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# If rs ≠ 0, does 1/r + 1/s = 5 ?

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Math Expert
Joined: 02 Sep 2009
Posts: 42560

Kudos [?]: 135317 [0], given: 12686

If rs ≠ 0, does 1/r + 1/s = 5 ? [#permalink]

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02 Oct 2017, 04:45
00:00

Difficulty:

65% (hard)

Question Stats:

40% (00:27) correct 60% (01:08) wrong based on 40 sessions

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If rs ≠ 0, does 1/r + 1/s = 5 ?

(1) rs > 1
(2) s < –r
[Reveal] Spoiler: OA

_________________

Kudos [?]: 135317 [0], given: 12686

Director
Joined: 25 Feb 2013
Posts: 619

Kudos [?]: 304 [2], given: 39

Location: India
GPA: 3.82
If rs ≠ 0, does 1/r + 1/s = 5 ? [#permalink]

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02 Oct 2017, 04:54
2
KUDOS
Bunuel wrote:
If rs ≠ 0, does 1/r + 1/s = 5 ?

(1) rs > 1
(2) s < –r

$$\frac{1}{r}+\frac{1}{s}=5$$ or $$\frac{(r+s)}{rs}=5$$. we need to find the values of r & s to verify the equation.

Statement 1: from this we know $$rs>1$$ but we cannot find the value of r & s. Hence Insufficient.

Statement 2: $$s<-r$$ or $$r+s<0$$. again value of $$r$$ & $$s$$ cannot be calculated. Insufficient

Combining 1 & 2 we know that $$rs>0$$ and $$r+s<0$$ hence $$\frac{(r+s)}{rs}$$ will be negative so it cannot be equal to 5. Hence sufficient

Option C

Last edited by niks18 on 14 Oct 2017, 20:30, edited 3 times in total.

Kudos [?]: 304 [2], given: 39

Manager
Joined: 12 Feb 2017
Posts: 71

Kudos [?]: 28 [2], given: 46

If rs ≠ 0, does 1/r + 1/s = 5 ? [#permalink]

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02 Oct 2017, 22:39
2
KUDOS
niks18 wrote:
Bunuel wrote:
If rs ≠ 0, does 1/r + 1/s = 5 ?

(1) rs > 1
(2) s < –r

$$\frac{1}{r}+\frac{1}{s}=5$$ is only possible when both $$r$$ and $$s$$ are fractions for eg $$r=1$$ and $$s=\frac{1}{4}$$ or $$r=\frac{1}{2}$$ and $$s=\frac{1}{3}$$, if $$r$$ & $$s$$ are integers then LHS will has a value less than $$1$$.

Statement 1: from this we know $$rs>1$$ this implies that r and s are not a proper fraction because the multiplication is greater than 1. Hence LHS cannot be equal to RHS. Sufficient.

Statement 2: $$s<-r$$ or $$r+s<0$$. again value of $$r$$ & $$s$$ cannot be calculated. Insufficient

Option A

both r and s not necessarily be fractions or integers.
eg r=5 and s= 5/24
then rs= 25/24 ----> rs>1
and 1/5 +1/(5/24) = 1/5 + 24/5 = 5

Hence Statement 1 is not sufficient.

stmt 2 says s< -r
that means s+r <0
stmt 2 also gives nothing hence insufficient.

Combining stmt 1 and 2 we get rs>1 means rs is positive, and r+s<0 means r+s is negative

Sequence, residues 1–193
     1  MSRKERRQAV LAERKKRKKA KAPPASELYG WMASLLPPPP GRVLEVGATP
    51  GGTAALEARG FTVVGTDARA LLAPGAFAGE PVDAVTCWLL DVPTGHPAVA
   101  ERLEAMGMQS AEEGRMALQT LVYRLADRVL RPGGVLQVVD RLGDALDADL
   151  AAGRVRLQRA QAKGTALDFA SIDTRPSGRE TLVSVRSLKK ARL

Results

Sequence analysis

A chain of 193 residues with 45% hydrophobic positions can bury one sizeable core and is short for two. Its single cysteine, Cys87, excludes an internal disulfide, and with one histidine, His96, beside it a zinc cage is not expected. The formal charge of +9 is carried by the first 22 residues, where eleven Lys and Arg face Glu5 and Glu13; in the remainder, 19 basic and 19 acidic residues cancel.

1/r + 1/s
=(r+s)/rs
=negative / positive
so in any case 1/r + 1/s will not be equal to 5.
Hence Both statements together are sufficient.

Kudos if it helps.

Kudos [?]: 28 [2], given: 46

Director
Joined: 25 Feb 2013
Posts: 619

Kudos [?]: 304 [0], given: 39

Location: India
GPA: 3.82
Re: If rs ≠ 0, does 1/r + 1/s = 5 ? [#permalink]

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03 Oct 2017, 02:07
niks18 wrote:
Bunuel wrote:
If rs ≠ 0, does 1/r + 1/s = 5 ?

(1) rs > 1
(2) s < –r

$$\frac{1}{r}+\frac{1}{s}=5$$ is only possible when both $$r$$ and $$s$$ are fractions for eg $$r=1$$ and $$s=\frac{1}{4}$$ or $$r=\frac{1}{2}$$ and $$s=\frac{1}{3}$$, if $$r$$ & $$s$$ are integers then LHS will has a value less than $$1$$.

Statement 1: from this we know $$rs>1$$ this implies that r and s are not a proper fraction because the multiplication is greater than 1. Hence LHS cannot be equal to RHS. Sufficient.

Statement 2: $$s<-r$$ or $$r+s<0$$. again value of $$r$$ & $$s$$ cannot be calculated. Insufficient

Option A

both r and s not necessarily be fractions or integers.
eg r=5 and s= 5/24
then rs= 25/24 ----> rs>1
and 1/5 +1/(5/24) = 1/5 + 24/5 = 5

Hence Statement 1 is not sufficient.

stmt 2 says s< -r
that means s+r <0
stmt 2 also gives nothing hence insufficient.

Combining stmt 1 and 2 we get rs>1 means rs is positive, and r+s<0 means r+s is negative
1/r + 1/s
=(r+s)/rs
=negative / positive
so in any case 1/r + 1/s will not be equal to 5.
Hence Both statements together are sufficient.

Kudos if it helps.

thanks for highlighting the mistake . initially i had solved correct but then got swayed by the fraction Great work in identifying that unique fraction 5/24

Kudos [?]: 304 [0], given: 39

Re: If rs ≠ 0, does 1/r + 1/s = 5 ?   [#permalink] 03 Oct 2017, 02:07
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